Last week, on my way to a trial to decide what the British should do with the Parthenon Marbles they stole—er, took—from Greece, I made a short detour for a look at some treasures they stole from Benin.
The trial—a mock event about an actual, raging cultural dispute—was produced by the National Hellenic Museum, which, yes, has some skin in the game.
It was held at the Art Institute, where the Benin artifacts—including an intricately carved elephant tusk as tall as a human being—reside in the Gallery of African Art.
As it happens, both the Marbles and the Benin treasures made an appearance in a controversial 2008 book by former Art Institute president James Cuno, titled Who Owns Antiquity? Museums and the Battle Over Our Ancient Heritage. If Cuno, who has since moved on to head the antiquity-laden Getty Museum, had been at the trial, he’d have been rooting for the Brits.
These Marbles, by the way, are nothing like the shiny little orbs that used to clank in your pocket. They’re ancient sculptures that once decorated the walls of the Parthenon, that exquisite temple of the goddess Athena, built on the hill of the Acropolis more than 400 years BC. Like the Benin tusk, the Marbles embody the history and spirit of a people—in this case, the Greeks—at the height of the civilization that gave birth to much of Western culture.
Over time, though, the Marbles had been damaged, especially during the four centuries, beginning in 1453, when Greece was ruled by the Ottoman Empire—and particularly during a 17th-century Turkish war with Venice, when the Parthenon was the target of a massive cannonball attack.
In 1801, the British Ambassador to the Ottoman Empire, Lord Elgin, took it upon himself to have half of the Marbles removed and shipped to England, arguably to protect them. He did this at his own expense, much increased when one ship sank and the sculptures had to be recovered from the ocean bottom. The enormous cost of this three-year project apparently contributed to Elgin’s subsequent financial straits; in 1816, in debt and in trouble, he sold the Marbles to the British government. For the last 200 years, they’ve been on display in London, where they’re the prime attraction at the British Museum.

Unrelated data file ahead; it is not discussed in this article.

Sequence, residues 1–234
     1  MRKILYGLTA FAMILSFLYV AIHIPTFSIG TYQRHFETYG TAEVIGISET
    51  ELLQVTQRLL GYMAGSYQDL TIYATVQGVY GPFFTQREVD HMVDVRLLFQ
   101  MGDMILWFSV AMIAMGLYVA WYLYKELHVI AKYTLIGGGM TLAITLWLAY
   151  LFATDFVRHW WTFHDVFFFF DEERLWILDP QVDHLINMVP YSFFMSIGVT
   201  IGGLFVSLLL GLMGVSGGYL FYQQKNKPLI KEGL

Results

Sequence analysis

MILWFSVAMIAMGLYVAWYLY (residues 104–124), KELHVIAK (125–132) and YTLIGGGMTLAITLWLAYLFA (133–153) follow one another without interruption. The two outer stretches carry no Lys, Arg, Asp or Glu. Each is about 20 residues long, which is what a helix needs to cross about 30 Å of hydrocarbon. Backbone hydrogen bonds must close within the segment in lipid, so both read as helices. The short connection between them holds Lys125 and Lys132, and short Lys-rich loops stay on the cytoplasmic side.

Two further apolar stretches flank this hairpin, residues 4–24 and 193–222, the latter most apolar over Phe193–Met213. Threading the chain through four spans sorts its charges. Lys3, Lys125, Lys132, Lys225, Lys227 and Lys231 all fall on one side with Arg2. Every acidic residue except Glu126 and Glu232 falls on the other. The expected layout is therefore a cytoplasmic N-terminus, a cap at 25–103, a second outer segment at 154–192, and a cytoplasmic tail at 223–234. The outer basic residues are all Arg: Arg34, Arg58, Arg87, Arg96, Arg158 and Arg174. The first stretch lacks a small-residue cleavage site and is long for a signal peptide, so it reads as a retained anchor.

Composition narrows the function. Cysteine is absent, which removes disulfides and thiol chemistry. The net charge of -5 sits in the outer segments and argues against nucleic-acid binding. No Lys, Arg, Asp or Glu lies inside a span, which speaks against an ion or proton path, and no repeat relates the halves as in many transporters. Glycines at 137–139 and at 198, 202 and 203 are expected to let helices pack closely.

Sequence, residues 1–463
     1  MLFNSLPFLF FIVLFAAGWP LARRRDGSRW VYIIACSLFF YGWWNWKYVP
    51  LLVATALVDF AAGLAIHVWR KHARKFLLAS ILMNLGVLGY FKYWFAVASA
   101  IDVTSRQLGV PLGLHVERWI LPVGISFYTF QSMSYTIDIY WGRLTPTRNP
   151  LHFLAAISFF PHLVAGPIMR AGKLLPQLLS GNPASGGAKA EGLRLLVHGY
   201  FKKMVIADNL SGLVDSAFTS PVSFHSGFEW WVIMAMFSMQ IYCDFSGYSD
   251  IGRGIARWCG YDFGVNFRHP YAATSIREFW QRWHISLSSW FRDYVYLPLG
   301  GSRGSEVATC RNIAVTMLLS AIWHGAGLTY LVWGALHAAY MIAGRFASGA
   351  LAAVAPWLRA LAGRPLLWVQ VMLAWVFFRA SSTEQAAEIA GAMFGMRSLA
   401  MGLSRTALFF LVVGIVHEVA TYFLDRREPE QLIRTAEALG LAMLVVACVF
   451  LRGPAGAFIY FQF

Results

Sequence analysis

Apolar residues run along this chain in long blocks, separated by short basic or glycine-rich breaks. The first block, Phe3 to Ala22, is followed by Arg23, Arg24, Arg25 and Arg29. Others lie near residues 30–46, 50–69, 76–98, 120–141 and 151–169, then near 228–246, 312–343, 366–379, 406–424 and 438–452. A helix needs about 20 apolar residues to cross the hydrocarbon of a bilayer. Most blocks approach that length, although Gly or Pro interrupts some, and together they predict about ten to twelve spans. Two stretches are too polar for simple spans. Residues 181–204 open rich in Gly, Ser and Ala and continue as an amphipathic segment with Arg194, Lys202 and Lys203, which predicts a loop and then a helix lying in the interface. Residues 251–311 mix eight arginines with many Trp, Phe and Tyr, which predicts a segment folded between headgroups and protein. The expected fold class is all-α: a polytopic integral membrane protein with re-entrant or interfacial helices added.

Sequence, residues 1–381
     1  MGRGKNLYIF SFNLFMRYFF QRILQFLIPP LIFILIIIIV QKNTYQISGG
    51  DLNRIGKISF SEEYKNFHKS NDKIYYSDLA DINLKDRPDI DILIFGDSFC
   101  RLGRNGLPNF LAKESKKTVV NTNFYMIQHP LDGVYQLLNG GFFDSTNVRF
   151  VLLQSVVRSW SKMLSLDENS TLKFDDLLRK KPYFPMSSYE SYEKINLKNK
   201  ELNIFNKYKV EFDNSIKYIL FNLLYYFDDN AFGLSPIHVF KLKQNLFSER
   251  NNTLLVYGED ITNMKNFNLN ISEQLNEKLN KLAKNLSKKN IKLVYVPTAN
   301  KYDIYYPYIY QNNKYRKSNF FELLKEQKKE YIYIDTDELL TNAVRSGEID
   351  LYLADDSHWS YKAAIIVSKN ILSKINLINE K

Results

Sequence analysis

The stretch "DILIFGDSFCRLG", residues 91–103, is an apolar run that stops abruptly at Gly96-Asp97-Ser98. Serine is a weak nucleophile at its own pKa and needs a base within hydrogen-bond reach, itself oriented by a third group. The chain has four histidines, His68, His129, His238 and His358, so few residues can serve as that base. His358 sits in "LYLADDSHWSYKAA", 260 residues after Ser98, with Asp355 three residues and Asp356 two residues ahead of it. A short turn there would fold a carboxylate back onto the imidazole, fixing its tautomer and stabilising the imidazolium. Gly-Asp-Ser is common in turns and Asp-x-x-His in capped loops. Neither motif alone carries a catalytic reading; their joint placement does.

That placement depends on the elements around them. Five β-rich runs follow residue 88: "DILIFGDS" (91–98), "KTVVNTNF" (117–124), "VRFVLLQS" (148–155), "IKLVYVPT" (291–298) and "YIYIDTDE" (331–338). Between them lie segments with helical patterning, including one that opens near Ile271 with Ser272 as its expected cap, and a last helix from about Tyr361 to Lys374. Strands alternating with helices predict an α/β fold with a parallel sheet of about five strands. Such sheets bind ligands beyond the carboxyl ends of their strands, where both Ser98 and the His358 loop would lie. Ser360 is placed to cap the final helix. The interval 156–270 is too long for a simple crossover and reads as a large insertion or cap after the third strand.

But Greece wants them back. One of the first things Greek officials did after winning independence in 1832 was to request the Marbles’ return. The Brits refused then, and are refusing now, unmoved by the fact that Greece has built a new state-of-the-art museum at the Acropolis, where the sculptures would be reunited with those Elgin left behind, and displayed in the context that gave rise to them.
That’s the standoff the trial sought to resolve. There was a full jury (with a noticeable Greek tilt) and a five-member panel of judges that included Illinois Supreme Court justice Anne Burke and presiding US Court of Appeals judge (and reliable gadfly) Richard Posner.
The opposing forces were represented by two powerhouse teams of Chicago attorneys: former U.S. Attorney Patrick J. Fitzgerald, former Assistant U.S. Attorney Patrick M. Collins, and Tinos Diamantatos represented the British Museum; former U.S. Attorney Dan Webb, Sam Adam Jr., and Robert A. Clifford argued for Greece.